Concentration-Dependent Effects of a Dietary Ketone Ester on Components of Energy Balance in Mice

Front Nutr. 2019 May 1;6:56. doi: 10.3389/fnut.2019.00056. eCollection 2019.


Objectives: Exogenous ketones may provide therapeutic benefit in treatment of obesity. Administration of the ketone ester (KE) R,S-1,3-butanediol acetoacetate diester (BD-AcAc2) decreases body weight in mice, but effects on energy balance have not been extensively characterized. The purpose of this investigation was to explore concentration-dependent effects of BD-AcAc2 on energy intake and expenditure in mice. Methods: Forty-two male C57BL/6J mice were randomly assigned to one of seven isocaloric diets (n = 6 per group): (1) Control (CON, 0% KE by kcals); (2) KE5 (5% KE); (3) KE10 (10% KE); (4) KE15 (15% KE); (5) KE20 (20% KE); (6) KE25 (25% KE); and (7) KE30 (30% KE) for 3 weeks. Energy intake and body weight were measured daily. Fat mass (FM), lean body mass (LBM), and energy expenditure (EE) were measured at completion of the study. Differences among groups were compared to CON using ANOVA and ANCOVA. Results: Mean energy intake was similar between CON and each concentration of KE, except KE30 which was 12% lower than CON (P < 0.01). KE25 and KE30 had lower body weight and FM compared to CON, while only KE30 had lower LBM (P < 0.03). Adjusted resting and total EE were lower in KE30 compared to CON (P < 0.03), but similar for all other groups. Conclusions: A diet comprised of 30% energy from BD-AcAc2 results in lower energy intake, coincident with lower body weight and whole animal adiposity; while KE20 and KE25 have significantly lower body weight and adiposity effects independent of changes in energy intake or expenditure.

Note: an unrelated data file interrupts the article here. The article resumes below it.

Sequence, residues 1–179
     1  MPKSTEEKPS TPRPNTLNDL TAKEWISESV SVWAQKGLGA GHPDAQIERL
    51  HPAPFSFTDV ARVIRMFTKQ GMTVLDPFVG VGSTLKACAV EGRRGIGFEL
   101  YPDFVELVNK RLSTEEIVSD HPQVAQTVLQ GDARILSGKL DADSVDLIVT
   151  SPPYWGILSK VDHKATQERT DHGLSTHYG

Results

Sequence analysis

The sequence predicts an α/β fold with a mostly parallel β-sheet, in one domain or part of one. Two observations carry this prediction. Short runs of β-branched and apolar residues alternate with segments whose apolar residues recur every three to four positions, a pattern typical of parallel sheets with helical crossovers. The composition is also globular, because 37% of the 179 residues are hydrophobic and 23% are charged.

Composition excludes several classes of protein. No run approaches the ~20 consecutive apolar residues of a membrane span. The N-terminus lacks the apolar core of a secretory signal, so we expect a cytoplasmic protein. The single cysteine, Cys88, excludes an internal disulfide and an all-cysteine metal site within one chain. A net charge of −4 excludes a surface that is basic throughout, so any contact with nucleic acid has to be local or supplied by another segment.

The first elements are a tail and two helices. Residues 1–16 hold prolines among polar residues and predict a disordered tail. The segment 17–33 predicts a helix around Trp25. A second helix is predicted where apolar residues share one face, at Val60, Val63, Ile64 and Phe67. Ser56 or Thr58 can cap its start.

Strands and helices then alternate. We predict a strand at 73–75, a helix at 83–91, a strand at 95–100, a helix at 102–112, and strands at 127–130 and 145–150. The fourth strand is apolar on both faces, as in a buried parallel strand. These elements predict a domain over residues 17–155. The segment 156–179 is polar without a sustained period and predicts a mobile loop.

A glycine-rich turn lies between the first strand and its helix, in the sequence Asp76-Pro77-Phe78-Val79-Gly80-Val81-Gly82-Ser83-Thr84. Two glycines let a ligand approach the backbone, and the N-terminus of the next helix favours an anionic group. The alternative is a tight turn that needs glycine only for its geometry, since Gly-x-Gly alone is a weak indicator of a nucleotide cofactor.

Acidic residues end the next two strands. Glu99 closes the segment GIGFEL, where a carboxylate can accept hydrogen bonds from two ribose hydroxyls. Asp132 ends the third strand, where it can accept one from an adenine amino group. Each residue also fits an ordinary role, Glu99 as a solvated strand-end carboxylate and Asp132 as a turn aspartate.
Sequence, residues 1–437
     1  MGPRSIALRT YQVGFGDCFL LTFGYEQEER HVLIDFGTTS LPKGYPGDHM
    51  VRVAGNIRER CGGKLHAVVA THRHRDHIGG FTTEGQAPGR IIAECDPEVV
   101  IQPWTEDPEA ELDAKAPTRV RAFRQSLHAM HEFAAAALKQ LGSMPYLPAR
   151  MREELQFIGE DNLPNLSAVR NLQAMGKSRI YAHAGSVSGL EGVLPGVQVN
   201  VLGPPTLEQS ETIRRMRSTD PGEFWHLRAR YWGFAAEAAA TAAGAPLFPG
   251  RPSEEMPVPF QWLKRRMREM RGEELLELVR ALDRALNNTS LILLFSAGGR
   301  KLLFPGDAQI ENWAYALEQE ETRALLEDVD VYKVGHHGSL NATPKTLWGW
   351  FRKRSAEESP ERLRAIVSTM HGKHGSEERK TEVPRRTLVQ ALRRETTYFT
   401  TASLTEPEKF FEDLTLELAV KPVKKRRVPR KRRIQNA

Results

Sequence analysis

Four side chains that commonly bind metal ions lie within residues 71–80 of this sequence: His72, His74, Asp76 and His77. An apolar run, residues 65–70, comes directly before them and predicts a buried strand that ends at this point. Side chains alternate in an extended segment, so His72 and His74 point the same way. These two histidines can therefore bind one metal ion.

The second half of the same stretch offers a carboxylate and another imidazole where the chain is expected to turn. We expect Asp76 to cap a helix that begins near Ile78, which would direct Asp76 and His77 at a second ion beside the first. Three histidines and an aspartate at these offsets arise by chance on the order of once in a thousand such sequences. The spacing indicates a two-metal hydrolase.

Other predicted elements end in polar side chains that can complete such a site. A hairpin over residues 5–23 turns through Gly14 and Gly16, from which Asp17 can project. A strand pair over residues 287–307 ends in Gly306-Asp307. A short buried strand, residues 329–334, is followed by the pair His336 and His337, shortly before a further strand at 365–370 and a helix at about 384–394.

Keywords: body composition; energy balance; energy expenditure; ketogenic diet; ketone esters.